Originally Posted by VaporPunk
Well, I didn't say he was funny, which he is only sometimes. God knows, most of my humor is about as funny as the proverbial head-hole but it doesn't mean that I'm trying to be superior or nasty.
Do note the thread title.
Ponder why the NYT cares enough to make a debate of it in the first place.
As I said, I think they're pushing the "high culture" button with their target audience. (The old sneering at the genres. They just chose YA instead of SF or romance.) There's money to be made from making their people feel superior to the "masses".
As for Harry Potter, the books are well written and enjoyable. And they get progressively more sophisticated and mature as the series moves on, *by design*. The original intent being to map each book's accessibility level to Harry's age. The last two volumes are thoroughly adult-grade fantasy by any yardstick.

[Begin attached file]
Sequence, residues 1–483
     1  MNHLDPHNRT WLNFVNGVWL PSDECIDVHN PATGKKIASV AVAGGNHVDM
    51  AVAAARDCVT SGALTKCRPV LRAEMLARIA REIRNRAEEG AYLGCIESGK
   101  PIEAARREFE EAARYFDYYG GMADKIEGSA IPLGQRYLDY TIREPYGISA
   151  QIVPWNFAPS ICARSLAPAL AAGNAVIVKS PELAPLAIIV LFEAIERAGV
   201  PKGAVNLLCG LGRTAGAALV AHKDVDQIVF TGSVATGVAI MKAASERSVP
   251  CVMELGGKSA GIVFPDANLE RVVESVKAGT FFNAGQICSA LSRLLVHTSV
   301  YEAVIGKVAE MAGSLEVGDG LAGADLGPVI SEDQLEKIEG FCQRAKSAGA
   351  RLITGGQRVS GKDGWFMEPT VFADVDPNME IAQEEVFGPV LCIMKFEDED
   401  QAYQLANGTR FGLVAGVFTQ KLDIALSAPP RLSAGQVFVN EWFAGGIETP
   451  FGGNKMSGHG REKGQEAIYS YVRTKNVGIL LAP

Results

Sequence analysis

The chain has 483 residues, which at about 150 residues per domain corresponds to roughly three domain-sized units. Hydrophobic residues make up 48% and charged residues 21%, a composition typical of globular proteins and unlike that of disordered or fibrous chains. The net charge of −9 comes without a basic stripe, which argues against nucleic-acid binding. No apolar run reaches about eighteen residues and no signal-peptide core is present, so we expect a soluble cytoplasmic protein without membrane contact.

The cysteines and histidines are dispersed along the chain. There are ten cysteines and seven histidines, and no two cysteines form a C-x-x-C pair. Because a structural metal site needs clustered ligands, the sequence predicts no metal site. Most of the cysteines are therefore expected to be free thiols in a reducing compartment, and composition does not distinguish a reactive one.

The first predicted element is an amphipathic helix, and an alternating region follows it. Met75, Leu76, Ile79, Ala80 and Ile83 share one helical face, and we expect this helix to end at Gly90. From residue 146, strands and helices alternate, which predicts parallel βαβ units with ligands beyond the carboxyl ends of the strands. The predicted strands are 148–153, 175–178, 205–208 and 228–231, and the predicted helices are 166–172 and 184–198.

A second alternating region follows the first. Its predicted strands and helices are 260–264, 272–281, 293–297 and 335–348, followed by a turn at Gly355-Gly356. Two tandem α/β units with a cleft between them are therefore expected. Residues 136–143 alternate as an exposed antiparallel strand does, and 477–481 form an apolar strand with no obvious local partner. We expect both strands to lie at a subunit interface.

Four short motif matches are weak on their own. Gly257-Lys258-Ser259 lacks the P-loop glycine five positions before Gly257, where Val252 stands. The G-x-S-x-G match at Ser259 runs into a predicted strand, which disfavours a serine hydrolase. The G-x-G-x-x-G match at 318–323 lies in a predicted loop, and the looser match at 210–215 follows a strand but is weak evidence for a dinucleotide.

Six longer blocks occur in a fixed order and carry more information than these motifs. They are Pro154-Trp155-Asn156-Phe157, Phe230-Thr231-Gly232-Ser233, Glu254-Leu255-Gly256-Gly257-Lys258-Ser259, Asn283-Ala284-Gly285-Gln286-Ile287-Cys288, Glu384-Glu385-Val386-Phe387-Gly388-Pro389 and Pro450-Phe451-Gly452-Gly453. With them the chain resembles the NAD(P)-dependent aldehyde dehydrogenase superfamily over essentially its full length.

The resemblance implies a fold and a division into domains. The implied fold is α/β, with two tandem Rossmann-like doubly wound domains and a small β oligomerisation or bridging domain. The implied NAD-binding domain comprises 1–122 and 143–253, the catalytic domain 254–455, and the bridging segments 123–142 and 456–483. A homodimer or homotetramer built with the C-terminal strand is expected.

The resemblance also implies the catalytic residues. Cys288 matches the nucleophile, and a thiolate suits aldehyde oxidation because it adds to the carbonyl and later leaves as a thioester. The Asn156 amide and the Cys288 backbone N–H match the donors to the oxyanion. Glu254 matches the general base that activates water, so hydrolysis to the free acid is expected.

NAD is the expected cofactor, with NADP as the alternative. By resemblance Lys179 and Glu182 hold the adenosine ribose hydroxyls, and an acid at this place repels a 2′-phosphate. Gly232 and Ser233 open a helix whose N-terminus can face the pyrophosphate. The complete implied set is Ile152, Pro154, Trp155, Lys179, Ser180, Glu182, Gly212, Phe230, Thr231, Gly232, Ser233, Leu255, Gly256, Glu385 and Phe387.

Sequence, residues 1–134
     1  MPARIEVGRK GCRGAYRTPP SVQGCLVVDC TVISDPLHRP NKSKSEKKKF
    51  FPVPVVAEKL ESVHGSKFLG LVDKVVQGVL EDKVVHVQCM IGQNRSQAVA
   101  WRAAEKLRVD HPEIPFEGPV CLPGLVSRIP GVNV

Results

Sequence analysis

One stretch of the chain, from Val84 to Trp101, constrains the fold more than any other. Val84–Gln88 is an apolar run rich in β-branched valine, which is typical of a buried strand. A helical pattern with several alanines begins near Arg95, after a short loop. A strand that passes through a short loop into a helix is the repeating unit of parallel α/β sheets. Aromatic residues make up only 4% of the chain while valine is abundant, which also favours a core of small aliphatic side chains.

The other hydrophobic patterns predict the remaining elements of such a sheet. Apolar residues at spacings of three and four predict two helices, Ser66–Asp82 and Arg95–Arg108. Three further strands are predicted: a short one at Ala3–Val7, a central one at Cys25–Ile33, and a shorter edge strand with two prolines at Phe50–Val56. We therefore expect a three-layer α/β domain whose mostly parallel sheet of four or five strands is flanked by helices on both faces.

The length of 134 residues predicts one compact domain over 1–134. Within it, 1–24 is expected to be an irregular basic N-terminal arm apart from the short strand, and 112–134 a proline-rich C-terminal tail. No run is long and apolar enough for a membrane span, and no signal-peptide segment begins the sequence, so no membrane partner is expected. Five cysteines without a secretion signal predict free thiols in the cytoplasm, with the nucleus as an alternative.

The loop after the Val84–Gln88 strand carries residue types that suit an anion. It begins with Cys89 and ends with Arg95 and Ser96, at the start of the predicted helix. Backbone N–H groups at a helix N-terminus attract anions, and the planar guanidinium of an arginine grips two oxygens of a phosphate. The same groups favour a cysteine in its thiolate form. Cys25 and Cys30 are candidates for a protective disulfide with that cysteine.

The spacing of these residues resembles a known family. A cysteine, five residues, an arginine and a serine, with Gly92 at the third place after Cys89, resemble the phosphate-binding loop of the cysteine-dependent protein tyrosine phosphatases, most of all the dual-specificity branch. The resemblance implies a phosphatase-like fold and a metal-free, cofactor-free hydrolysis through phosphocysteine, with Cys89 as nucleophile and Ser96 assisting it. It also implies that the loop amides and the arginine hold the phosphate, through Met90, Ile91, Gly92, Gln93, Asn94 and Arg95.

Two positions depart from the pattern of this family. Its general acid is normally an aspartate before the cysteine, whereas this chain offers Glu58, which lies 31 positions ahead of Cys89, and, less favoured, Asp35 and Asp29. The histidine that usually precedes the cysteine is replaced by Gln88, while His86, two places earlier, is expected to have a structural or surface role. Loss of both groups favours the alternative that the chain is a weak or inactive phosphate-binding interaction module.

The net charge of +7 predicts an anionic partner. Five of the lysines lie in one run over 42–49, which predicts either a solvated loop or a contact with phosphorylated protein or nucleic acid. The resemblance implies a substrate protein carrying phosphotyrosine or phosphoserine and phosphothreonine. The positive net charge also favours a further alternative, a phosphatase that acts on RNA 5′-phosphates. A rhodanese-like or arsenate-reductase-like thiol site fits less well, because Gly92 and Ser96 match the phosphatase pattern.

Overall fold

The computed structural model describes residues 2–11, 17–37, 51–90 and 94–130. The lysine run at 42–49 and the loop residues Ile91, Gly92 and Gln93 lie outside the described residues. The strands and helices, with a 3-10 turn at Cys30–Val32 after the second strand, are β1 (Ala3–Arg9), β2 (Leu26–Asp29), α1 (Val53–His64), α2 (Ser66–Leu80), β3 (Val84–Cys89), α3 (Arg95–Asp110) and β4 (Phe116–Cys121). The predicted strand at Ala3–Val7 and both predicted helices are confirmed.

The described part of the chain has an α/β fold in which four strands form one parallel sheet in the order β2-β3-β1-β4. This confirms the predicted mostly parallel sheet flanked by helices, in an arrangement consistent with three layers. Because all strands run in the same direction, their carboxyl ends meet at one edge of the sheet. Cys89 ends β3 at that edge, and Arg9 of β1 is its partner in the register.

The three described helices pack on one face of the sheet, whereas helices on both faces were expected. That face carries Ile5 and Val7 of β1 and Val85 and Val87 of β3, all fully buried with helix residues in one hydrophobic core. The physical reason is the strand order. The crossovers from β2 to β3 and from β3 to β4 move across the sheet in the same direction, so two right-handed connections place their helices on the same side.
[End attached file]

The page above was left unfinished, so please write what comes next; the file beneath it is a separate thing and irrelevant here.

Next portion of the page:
In this case, accessibility is a floor, not a ceiling: a ten year old can read the first volume but adults will find plenty of nuances to enjoy beyond a "merely" fun story. There are dickensian touches, finely honed prose, and above all an engaging well-conceived milieau. Nothing simplistic or watered down in any of them.
Hunger Games is a different creature but of comparable worth. The movie is a fair translation of the first book but it unavoidably glosses over a lot of the darker details of the novel. The trilogy is very dark, dystopic, and dead serious commentary on human nature under stress. Very apropos for the stressful times.
That teenagers willingly seek out such a story and appreciate it is a welcome sign of hope that the younger generation will turn out fine. It is an affordable series; all three volumes cost less than a typical brainless celebrity "bestseller".
Both are examples of ways pop culture transcends annointed "high culture".